Friday, July 06, 2018

Retail Zombie Apocalypse Exponentially Greater Than Vacancy Rates Indicate


WolfStreet |  Another regional long-established department-store chain bites the dust. One in an endless series. The 16 Magic Mart stores in West Virginia, Virginia, and Kentucky, plus a distribution center and the company’s headquarters will be closed and liquidated, according to Ammar’s, Inc., a family-owned company that owns the stores and started with its first store 97 years ago.

In a letter to employees, the company blamed “continued inadequate sales leading to substantial financial losses,” and “difficult economic conditions that continue to persist in the markets we operate.” All locations will be closed “sometime around November 1.”

And then those stores, many of them located in less than booming environments, will become vacant.

Department stores have been hardest hit by online retail. Among them, regional chains have been hardest hit. Bon-Ton Stores – which operates department stores in 23 states under the brands of Bon-Ton, Bergner’s, Boston Store, Carson’s, Elder-Beerman, Herberger’s, and Younkers – is now in the process of being liquidated. 24,000 employees are losing their jobs. Numerous smaller chains have shut their doors. Among the national chains, store closures have been widespread: Macy’s, Sears, Kmart, J.C. Penney, etc. have closed thousands of large stores over the past few years. Smaller stores and specialty stores are shutting down across the country. And these stores become vacant.

Landlords have to find other tenants in this environment, or find another purpose, such as redeveloping them for use by chain restaurants, or bulldozing them and building office buildings or apartment buildings or whatever on the land.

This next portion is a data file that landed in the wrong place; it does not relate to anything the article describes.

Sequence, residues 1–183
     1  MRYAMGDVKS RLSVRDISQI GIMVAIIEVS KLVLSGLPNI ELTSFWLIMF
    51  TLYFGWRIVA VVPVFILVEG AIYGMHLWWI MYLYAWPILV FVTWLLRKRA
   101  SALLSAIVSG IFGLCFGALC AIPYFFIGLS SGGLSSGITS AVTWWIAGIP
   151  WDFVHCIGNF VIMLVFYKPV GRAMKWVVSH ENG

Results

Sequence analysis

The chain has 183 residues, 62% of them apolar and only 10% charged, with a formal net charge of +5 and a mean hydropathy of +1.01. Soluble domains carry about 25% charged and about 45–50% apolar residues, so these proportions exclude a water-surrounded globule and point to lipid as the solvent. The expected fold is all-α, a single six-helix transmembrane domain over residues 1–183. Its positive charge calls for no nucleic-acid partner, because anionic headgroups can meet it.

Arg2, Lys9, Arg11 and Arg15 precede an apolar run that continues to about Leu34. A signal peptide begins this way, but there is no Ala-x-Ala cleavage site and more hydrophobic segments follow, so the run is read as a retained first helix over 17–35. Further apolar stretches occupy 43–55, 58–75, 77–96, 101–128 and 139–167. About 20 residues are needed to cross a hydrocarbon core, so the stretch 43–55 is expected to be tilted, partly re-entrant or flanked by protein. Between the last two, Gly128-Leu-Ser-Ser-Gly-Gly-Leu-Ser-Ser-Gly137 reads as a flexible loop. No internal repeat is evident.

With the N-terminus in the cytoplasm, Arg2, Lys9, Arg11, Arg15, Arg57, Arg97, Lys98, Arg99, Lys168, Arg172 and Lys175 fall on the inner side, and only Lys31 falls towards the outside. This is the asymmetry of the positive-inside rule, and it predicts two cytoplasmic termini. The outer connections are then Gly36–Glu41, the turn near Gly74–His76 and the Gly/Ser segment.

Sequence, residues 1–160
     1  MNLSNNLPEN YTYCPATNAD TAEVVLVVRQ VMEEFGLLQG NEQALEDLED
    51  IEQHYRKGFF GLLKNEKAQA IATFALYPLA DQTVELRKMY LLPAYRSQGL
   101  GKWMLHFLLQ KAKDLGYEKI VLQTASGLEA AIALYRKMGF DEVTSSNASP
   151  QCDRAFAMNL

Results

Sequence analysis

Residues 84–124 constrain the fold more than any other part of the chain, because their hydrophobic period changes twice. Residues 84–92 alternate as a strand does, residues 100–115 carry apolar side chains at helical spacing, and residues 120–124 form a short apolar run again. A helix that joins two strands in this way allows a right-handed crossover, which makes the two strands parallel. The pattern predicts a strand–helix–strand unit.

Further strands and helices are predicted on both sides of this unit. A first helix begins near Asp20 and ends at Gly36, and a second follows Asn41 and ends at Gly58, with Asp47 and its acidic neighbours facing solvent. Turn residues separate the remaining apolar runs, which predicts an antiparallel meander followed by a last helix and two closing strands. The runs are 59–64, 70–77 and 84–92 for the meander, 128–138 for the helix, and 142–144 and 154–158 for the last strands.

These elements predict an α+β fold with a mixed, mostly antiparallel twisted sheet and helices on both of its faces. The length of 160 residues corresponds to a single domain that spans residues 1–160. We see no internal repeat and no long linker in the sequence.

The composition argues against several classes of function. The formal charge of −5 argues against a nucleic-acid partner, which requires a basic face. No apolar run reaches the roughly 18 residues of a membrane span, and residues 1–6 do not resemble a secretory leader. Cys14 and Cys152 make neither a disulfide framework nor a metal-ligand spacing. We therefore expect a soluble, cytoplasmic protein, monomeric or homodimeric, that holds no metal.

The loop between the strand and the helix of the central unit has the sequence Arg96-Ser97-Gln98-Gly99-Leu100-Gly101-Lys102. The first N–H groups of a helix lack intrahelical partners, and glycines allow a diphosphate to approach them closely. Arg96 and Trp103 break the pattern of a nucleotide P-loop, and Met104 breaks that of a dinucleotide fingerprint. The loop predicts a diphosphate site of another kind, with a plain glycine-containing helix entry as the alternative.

Bon-Ton combined with Toys ‘R’ Us – which closed its remaining stores on Friday – occupied nearly 60 million square feet of retail space. Every square inch is now being vacated.

And there’s some handwringing about the so-called “vacancy rate” in the retail sector – a deceptively low measure for reasons that we’ll get to in a moment.

The retail vacancy rate rose to 8.6% in Q2, the highest since 2012, according to data from real-estate research firm Reis Inc., cited by MarketWatch. By comparison, the peak since the Financial Crisis was 9.4% in Q3 2011:
The impact is especially severe among strip malls and other neighborhood and community shopping centers, which suffered their worst quarter in nine years. About 3.8 million square feet of space was emptied from April to June, pushing the vacancy rate for this type of mall up to 10.2%, Reis said.
Note the magnitude: 3.8 million square feet were “emptied out.” This is tiny compared to the 60 million square feet emptied out by just Bon-Ton and Toys ‘R’ Us.

This is why the “vacancy” data, as unappetizing as they may be, aren’t in a steep swoon, though you’d expect them to be, given the rampant store closures.